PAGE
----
In a variation of the phrase coined by Tip O'Neill on politics, all self-published books are local, or at least the ones that work best in New England. "I think self-publishing makes sense for über-local authors," says Susan Fox, co-owner of Red Fox Books in Glens Falls, N.Y., who has sold Lawrence Gooley's Terror in the Adirondacks (Bloated Toe Press), about serial killer Robert F. Garrow, and trail guides on snow shoeing and hiking in the Adirondacks, part of Roger Fulton and Michael Carpenter's series of Outdoor Books for Ordinary People, extremely well.
"We're doing really well with regional nonfiction," says Jon Platt, owner of Nonesuch Books and Cards in Biddeford and South Portland, Maine. "There definitely is a market for the super, super local," he says. "We sold John Moon's City by the Sea, a $40 pictorial on Portland, like hotcakes over Christmas, and in the dead of winter we're still selling 15 a week." Nonesuch has also experienced strong sales, over 165 copies, for Maine pediatrician Conner Moore's memoir, Black Bag to Blackberry, published by Bryson Taylor Publishing in Saco, Maine. It was founded by Deb Landry to self-publish her antibullying children's books.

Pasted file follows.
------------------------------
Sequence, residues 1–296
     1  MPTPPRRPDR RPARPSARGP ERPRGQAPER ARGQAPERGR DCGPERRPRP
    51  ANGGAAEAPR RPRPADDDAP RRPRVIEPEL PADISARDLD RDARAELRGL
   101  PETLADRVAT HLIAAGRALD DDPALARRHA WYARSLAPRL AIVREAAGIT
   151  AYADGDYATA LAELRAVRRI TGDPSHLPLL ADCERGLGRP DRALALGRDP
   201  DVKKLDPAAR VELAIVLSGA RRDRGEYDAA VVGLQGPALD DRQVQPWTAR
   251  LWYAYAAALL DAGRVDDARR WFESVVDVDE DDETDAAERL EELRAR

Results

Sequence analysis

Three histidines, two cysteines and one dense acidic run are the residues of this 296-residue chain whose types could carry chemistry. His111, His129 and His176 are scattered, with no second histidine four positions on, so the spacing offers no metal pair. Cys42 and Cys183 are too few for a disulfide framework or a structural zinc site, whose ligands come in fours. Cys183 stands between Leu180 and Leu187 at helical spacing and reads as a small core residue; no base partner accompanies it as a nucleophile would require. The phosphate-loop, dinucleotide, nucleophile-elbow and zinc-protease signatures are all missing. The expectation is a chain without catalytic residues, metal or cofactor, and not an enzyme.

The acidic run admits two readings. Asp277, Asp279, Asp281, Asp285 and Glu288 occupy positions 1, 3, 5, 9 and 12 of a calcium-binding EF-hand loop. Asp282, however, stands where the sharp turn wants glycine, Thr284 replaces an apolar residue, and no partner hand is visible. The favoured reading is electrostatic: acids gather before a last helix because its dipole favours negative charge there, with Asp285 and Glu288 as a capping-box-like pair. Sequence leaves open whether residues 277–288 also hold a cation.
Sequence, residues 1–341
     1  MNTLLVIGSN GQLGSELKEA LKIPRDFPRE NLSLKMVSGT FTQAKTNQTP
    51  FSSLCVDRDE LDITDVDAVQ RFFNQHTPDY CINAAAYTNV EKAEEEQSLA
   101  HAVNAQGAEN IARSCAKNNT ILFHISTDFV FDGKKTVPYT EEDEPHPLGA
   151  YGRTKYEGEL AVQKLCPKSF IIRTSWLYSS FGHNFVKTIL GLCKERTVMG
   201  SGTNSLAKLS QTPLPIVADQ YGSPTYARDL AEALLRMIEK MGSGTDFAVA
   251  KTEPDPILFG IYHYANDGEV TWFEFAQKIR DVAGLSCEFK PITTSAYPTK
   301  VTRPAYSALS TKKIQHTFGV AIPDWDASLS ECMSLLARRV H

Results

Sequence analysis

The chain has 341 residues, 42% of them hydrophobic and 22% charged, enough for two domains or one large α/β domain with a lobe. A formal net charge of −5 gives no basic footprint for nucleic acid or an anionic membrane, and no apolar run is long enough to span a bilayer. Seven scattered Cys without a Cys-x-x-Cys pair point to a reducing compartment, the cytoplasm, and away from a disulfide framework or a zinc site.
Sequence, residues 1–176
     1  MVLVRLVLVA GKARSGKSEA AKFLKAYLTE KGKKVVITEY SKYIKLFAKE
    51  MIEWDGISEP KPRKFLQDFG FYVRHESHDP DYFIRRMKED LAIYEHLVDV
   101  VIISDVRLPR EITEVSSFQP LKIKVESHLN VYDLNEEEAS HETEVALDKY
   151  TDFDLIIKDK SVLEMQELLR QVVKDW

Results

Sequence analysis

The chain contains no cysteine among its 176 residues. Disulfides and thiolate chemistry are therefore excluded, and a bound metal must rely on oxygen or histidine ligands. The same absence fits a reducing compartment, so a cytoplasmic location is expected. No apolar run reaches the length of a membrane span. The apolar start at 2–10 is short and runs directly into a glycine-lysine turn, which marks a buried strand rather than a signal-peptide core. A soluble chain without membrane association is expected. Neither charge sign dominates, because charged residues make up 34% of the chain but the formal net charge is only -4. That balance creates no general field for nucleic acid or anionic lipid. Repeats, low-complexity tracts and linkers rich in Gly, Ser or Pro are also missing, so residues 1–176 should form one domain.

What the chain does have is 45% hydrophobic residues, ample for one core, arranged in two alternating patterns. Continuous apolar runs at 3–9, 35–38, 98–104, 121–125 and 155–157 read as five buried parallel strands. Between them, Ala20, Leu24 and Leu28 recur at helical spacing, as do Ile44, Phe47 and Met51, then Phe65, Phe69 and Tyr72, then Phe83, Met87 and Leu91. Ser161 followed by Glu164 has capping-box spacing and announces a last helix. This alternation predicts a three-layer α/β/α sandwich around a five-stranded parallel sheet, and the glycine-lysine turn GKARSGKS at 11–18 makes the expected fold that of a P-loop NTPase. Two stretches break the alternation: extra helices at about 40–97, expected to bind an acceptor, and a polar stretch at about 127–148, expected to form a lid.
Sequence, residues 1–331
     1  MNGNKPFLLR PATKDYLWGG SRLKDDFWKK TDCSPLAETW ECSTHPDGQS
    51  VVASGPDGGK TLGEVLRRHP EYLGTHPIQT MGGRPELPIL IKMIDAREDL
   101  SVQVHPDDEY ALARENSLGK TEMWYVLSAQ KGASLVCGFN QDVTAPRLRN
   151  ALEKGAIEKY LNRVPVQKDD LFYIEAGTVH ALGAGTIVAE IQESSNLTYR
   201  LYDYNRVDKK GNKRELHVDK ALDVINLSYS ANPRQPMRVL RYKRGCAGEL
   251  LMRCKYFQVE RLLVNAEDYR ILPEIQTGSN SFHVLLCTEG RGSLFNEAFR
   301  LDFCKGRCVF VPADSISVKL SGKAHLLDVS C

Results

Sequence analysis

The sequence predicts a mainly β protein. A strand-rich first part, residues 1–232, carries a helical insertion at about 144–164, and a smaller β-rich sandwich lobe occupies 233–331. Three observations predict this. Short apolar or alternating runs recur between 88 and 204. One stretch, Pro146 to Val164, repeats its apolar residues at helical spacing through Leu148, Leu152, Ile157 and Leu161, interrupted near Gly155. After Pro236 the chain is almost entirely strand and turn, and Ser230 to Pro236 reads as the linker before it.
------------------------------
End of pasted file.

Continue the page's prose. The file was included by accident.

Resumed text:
As Platt sees it, "The real future for us is nonfiction regional books, whether they're travel books or kids books. The whole regional aspect of our book sales has become critical for our survival, especially when we're up against e-books."
The right local title also works at Devaney Doak & Garrett Booksellers in Farmington, Maine. As an example, owner Kenny Brechner cites John Hodgkins's Our Game Was Baseball, a history of the Temple, Maine, Townies that shows how baseball served as the glue for small towns in Maine. "You look at the book, and it doesn't look self-published. It's an interesting piece of local history, well done, and well priced at $15.95. I sold it hand over fist at the holidays. Everybody has family that played on the teams."
Although Tom Holbrook, owner of RiverRun Bookstore in Portsmouth, N.H., agrees that local self-published nonfiction sells best, his store-recommends list includes Lisa Genova's novel Still Alice, originally self-published and then picked up by Simon & Schuster. Recently, RiverRun has done well with local author Darcy Scott's first novel, Hunter Huntress. "Technically," says Holbrook, "it wasn't self-published; it was published in England." After failing to find a U.S. publisher, Scott imported the U.K. edition and sold it herself. She has since signed with Publishing Works, Exeter, N.H., for her sophomore effort.